Toughness is one quality, above all, that a coach values in a player. I hear it all the time. Coaches admire and respect tough players, whether it is one of their players or an opposing player. Toughness is talked about and emphasized, and toughness wins. I have written about the definition of true toughness in the past, and its importance in the game.
Yet, despite the constant emphasis on toughness, there is no measure of it, and no award to recognize it in players. We have awards for valuable players, improved players, point guards, rookies, newcomers and players who happen only to begin games on the bench. We have awards based upon the calendar and league affiliation, and we even have mythical awards for players who remind us of an adhesive used for sticking materials together. No coach goes on the recruiting trail to find a good epoxy, paste or other sticky, gelatinous substance. Coaches want tough players, guys who can endure great strain without breaking, and are strong and resilient.
Still, we have no award or specific recognition for toughness. Well, those days are over. This season, The Bilastrator, fresh off of the stunning innovation and invention of The Bilas Index, has turned his attention to recognizing toughness in the college game, the characteristic in a player that is most valued and cherished by coaches and players alike. So, we hereby introduce the All-Toughness team, a periodic recognition of the true tough guys in the game. In this first installment, the following 10 players have stood out as some of the toughest customers in the early-season games.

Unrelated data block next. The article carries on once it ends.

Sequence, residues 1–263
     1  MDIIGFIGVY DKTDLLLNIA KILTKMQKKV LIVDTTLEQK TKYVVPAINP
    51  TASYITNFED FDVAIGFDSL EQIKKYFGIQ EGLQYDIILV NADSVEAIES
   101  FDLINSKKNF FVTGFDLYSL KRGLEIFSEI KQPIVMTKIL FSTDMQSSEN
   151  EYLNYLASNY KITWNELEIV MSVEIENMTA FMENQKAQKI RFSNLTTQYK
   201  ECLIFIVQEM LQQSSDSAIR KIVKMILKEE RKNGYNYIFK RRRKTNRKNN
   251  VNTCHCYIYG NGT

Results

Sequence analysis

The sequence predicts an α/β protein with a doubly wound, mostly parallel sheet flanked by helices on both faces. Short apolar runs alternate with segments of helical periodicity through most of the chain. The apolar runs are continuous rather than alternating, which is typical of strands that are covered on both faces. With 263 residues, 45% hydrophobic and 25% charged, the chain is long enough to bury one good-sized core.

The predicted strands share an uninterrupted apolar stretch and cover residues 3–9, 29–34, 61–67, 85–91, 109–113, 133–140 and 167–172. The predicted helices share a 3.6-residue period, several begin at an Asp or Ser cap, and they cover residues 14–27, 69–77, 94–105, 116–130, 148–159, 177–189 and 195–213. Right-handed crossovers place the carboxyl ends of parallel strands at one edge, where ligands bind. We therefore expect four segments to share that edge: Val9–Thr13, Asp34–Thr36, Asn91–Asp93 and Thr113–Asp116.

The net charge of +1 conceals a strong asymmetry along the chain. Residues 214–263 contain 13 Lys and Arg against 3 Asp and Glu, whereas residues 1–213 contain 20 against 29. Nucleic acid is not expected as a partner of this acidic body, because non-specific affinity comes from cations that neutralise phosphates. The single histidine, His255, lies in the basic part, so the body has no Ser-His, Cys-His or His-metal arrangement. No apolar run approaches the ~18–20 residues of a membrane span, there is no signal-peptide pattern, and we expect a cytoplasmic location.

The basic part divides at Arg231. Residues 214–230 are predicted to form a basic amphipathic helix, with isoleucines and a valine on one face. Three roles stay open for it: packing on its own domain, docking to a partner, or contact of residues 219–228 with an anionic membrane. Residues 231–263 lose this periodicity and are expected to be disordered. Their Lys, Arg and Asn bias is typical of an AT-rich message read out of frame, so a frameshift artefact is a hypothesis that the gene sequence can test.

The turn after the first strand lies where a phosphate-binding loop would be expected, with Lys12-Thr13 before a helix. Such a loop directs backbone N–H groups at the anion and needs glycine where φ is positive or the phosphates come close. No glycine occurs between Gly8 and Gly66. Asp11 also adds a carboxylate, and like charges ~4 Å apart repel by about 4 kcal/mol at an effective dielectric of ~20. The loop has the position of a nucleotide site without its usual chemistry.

And, at the close of the season, the Bilastrator will name the All-Toughness team for the season. If you have suggestions for consideration for the All-Toughness team, feel free to bring them to our attention.)
Roosevelt Jones, Butler Bulldogs: Jones is only 6-foot-4, but he plays bigger. He's built like a linebacker and is unafraid to assert himself in big games. He plays on both ends, fights you on every play, and is as strong a driver of the ball as I have seen this season. Jones is not a shooter, yet he is still able to drive it. He attacks the offensive glass and plays his tail off. Against Indiana, Jones scored 16 points, grabbed 12 rebounds and dished 7 assists and was the toughest player on the floor.